Before one gets illumination, he may be attacked by all the undivine forces of the lower vital. But he can easily place them at his feet. Socrates did it. Any aspirant can easily conquer these wrong forces after a while. Countless times he may be attacked by vital impulses. Each time he can play the man. He can manfully, boldly, courageously place his feet on the heads of these dark forces. The golden day will come when illumination dawns on life, and then everything will be transformed. Emotional problems will be transformed, becoming the dynamic strength of the divine for the divine to use. But until then the aspirant has to fight hard.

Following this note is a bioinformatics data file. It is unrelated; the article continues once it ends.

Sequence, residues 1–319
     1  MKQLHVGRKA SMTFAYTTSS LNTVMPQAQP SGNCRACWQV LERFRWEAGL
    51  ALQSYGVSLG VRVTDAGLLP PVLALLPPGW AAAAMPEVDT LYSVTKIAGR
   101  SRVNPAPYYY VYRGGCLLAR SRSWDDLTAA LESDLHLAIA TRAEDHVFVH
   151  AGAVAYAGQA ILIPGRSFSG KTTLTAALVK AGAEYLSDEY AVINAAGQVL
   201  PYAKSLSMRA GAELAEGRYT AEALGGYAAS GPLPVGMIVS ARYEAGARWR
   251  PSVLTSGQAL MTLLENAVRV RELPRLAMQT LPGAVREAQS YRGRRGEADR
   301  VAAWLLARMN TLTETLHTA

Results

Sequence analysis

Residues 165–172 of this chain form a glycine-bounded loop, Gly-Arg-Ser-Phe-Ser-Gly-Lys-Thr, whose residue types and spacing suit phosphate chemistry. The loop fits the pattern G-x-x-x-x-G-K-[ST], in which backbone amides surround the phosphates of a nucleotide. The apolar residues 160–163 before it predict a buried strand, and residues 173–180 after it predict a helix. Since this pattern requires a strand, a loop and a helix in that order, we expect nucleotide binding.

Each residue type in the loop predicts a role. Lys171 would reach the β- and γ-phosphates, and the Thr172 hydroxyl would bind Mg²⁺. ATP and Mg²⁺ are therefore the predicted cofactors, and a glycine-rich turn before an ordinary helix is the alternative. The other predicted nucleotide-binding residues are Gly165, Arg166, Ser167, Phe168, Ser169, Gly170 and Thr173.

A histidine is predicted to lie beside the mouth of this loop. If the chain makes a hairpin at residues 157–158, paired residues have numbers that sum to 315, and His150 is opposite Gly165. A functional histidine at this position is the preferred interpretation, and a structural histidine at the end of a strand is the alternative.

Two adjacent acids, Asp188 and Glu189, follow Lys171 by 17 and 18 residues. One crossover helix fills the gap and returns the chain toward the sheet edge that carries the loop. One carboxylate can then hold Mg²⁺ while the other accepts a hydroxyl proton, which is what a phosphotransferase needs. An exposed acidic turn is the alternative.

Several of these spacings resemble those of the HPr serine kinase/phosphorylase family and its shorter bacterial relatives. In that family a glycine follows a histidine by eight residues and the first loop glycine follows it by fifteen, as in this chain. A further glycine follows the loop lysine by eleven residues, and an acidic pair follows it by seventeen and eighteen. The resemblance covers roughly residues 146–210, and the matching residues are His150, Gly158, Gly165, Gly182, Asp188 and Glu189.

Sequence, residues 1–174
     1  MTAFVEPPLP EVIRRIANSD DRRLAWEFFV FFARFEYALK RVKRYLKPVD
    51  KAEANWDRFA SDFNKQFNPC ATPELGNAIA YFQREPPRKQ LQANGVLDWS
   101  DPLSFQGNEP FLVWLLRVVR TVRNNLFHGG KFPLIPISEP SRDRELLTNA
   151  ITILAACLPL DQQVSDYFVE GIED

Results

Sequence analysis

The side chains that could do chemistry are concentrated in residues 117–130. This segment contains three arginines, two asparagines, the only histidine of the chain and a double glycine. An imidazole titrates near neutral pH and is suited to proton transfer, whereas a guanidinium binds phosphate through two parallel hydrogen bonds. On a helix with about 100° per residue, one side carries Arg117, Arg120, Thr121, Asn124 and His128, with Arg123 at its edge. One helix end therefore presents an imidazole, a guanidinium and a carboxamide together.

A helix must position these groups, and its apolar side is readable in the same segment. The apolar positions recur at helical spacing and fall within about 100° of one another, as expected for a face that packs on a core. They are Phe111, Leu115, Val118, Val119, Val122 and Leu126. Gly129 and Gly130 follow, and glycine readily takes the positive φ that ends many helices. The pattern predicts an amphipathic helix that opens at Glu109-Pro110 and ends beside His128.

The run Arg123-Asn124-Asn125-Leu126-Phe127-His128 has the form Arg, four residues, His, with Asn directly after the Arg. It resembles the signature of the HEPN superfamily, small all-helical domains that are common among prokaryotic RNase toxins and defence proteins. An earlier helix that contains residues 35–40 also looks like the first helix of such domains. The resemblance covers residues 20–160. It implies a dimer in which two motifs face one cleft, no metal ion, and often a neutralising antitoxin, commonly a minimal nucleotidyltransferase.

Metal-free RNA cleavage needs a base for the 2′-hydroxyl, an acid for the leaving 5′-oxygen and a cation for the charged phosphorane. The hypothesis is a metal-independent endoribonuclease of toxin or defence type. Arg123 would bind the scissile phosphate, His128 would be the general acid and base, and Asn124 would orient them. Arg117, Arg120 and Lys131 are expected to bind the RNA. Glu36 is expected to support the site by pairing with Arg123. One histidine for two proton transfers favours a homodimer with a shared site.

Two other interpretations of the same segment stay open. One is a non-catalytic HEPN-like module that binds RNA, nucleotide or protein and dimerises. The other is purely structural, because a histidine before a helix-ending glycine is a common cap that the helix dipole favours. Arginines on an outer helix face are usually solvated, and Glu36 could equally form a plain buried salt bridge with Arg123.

Ramakrishna used the phrase “Master of everything, slave of sex.” Ramakrishna, the great spiritual giant, saw what was actually happening in the world. Now the same story is being repeated in the world today. Ramakrishna tells a story about a man who had been hunting for a job for a long time. Nobody would offer the poor man a job. Finally he went to the manager of a small factory, for he had been told that this manager had a broad heart and would give him a job. But the manager said there was no vacancy. A few days later he asked again; still no vacancy. The poor man kept going back, and each time he was rejected. One day he told one of his friends how the manager had been constantly turning him away without a job. His friend said, “You are a fool. Why do you go to him? Today go to his mistress, and tomorrow you will get the job.” The manager was a very wealthy and important man, but he had this weakness. So the poor man went to the mistress and cried out, “Mother, I have a big family and they are starving. Save me, save me. Please tell the manager to give me a job.” She replied, “Don’t worry, my child, tomorrow I shall settle it.” On the following day the manager said to his English boss, “Here is a man who has great ability. In everything he will bring much credit to our factory.” Shortly afterwards the man was offered a high post there.